Data visualization and storytelling


Six ways to cover elections with interactive graphics

How to make extruded hex maps, card carousels, animated scatter plots and more to enhance your election coverage

With local elections being held across the UK today, we had a look at six ways to visualize elections with Flourish. The visualizations featured in this post were created specifically with the UK elections in mind, but are relevant for any other elections, too. You’re welcome to embed them on your website: you’ll find embed codes below.

1. Give an overview with projection maps

With elections for 145 English local councils, thirteen directly elected mayors, 39 police and crime commissioners and two parliamentary elections happening at the same time, we quickly found our heads spinning, trying to visualize who, where, was voting on what. We settled on our Projection map with an Albers (30° & 45°) projection to help us get an overview – and created the scrollytelling piece featured below.

County councils are elected in full every four years, with the last election having been in 2017. County councils are the upper part of a two-tier system of local government and provide services such as road maintenance, schools and libraries.

Each council is subdivided into district councils with different responsibilities, such as rubbish collection, Council Tax collection and planning applications. In Unitary authorities and metropolitan districts, the combined services of both tiers are performed by the local government.

There will also be several Mayoral elections taking place on May 6. Some Mayors are elected for combined local authorities, others govern over single authorities, and London elects its own Mayor.

Alongside seven combined authority mayors and five single authority mayors, London is also electing its Mayor. The Mayor of London is normally elected for four years, but because last year's election was rescheduled, this election will be for a three-year term.

In Scotland, a Parliament election is taking place. Scotland will vote to elect 129 Members of the Scottish Parliament (MSPs). This year's election is a significant one: The Scottish National Party is promising to hold a referendum on independence if it wins a majority.

In Wales, 60 members are being elected to the Senedd Cymru – the Welsh Parliament. There is one seat for each National Assembly constituency...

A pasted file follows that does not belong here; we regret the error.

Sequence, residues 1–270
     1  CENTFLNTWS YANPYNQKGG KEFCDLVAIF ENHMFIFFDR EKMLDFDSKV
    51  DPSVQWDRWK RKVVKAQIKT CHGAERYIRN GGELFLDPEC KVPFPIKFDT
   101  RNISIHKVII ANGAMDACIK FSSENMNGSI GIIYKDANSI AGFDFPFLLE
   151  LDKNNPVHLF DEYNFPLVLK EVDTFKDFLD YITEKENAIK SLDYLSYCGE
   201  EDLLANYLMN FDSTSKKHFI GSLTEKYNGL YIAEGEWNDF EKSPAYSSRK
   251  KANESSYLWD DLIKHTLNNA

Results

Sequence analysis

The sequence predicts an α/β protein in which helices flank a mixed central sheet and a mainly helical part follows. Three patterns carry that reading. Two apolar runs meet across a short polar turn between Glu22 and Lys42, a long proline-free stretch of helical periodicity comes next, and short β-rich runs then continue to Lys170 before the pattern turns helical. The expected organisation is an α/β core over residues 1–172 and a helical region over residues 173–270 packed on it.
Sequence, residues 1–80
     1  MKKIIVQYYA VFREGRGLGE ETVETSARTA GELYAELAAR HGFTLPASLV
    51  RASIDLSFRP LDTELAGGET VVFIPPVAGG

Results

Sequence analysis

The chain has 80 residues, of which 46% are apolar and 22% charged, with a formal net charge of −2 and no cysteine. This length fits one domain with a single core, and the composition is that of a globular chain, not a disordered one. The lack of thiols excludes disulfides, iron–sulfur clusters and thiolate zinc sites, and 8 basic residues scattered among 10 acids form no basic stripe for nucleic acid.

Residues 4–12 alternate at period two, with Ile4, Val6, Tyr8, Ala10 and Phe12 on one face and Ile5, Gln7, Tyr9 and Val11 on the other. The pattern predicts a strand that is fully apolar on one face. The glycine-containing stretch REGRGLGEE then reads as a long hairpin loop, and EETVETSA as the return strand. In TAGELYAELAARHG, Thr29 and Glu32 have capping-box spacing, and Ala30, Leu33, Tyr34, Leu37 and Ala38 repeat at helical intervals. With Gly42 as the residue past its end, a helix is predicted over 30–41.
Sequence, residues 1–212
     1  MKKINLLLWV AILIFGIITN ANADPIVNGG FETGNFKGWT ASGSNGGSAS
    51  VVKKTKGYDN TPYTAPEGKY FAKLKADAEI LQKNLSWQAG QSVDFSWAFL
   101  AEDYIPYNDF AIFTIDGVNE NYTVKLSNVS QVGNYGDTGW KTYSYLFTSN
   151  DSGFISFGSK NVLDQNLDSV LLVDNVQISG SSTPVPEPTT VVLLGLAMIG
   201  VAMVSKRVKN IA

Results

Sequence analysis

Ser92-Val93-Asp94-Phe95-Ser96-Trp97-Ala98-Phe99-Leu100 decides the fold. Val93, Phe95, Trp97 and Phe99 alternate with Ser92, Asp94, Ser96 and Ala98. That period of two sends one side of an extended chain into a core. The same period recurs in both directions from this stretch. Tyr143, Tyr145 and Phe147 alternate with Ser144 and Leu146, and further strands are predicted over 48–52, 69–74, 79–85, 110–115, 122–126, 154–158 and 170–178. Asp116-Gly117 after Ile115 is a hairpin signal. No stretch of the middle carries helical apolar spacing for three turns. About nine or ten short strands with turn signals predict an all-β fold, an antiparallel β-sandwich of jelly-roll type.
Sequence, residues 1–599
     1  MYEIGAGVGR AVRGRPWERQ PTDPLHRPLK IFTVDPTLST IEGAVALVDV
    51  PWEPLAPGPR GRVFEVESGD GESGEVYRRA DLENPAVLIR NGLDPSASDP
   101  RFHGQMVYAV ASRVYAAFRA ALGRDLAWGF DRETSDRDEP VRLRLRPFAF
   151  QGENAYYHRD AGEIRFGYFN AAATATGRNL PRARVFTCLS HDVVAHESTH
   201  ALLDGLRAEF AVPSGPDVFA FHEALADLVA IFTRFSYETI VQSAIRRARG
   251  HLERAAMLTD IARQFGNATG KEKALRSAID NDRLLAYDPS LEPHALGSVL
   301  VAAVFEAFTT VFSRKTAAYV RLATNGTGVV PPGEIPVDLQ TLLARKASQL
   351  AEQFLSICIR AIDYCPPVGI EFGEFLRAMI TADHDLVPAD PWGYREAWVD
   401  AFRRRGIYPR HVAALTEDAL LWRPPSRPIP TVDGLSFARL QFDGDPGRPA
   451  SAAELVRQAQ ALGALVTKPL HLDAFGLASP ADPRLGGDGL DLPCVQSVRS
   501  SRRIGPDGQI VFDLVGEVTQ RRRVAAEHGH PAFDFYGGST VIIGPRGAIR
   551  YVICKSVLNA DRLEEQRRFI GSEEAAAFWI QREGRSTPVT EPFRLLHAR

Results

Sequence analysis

...and the remaining 20 seats are divided equally between the 5 electoral regions. This year's election will be the first in which 16 and 17 year olds and legally resident foreign nationals are allowed to vote in Wales.

Create your own »

Embed code:

To get started with projection maps:

2. Dive deeper with extruded hex maps

When it comes to visualizing constituencies, our hex maps are a great choice. They give equal visual weighting to each region, ensuring small city consituencies aren’t hidden.

To take your hex maps – quite literally – to the next level, you can use our 3D map template to enhance them with extrusion. This allows you to shade by one value – for example by party – but extrude by a different one.

The extruded hex map featured below was created by the Fairer Share campaign leading up to the election to visualize the relation of house prices and Council Tax. Council Tax is an important topic during local elections, as it is something that is up to the individual councils.

Create your own »

Embed code:

To get started with 3D-extruded hex maps:

3. Visualize candidates with our Cards template

Our Cards template is perfect to give an overview of different candidates at a local level. And with the recently introduced ability to filter and give more information on hover or click via popups and panels, it can be used as a placeholder for even more content. We used cards to introduce the different candidates in the race to become the mayor of London. Click on the cards to explore more!

Create your own »

Embed code:

To get started with our Cards template:

4. Use scatter plots to point out relationships in your data

Scatter plots are ideal for electoral analysis – like the correlation between Council Tax Burden and house prices.

The story below was created by Fairer Share to display how different local authorities compare across multiple categories and how they correlate.

Create your own »

Embed code:

To get started with our Scatter template:

5. Use our Hierarchy template to visualize budgets

Our Hierarchy template allows you to produce “zoomable” interactive stacked bar charts, sunbursts, treemaps and radial trees. These are great to allow your readers to drill down into a story and discover multiple layers of information. The bar option is ideal where you want to focus the viewer on the total value of each group – as opposed to the packed circles mode, for example, which is better for showing distribution and part-to-whole. We visualized the allocation of London’s budget and how revenue was through funding sources in our story below.

Create your own »

Embed code:

To get started with our Hierarchy template:

6. Explore Elections coverage by other Flourish users

We gathered a few examples from current and previous Elections coverage for you to explore in our Cards visualization below. If you have elections coverage that isn’t displayed here, do reach out to to share your creations!

As ever, it’s free to get started with Flourish. We hope these visualization ideas will help you communicate meaningful insight about upcoming elections, wherever you are.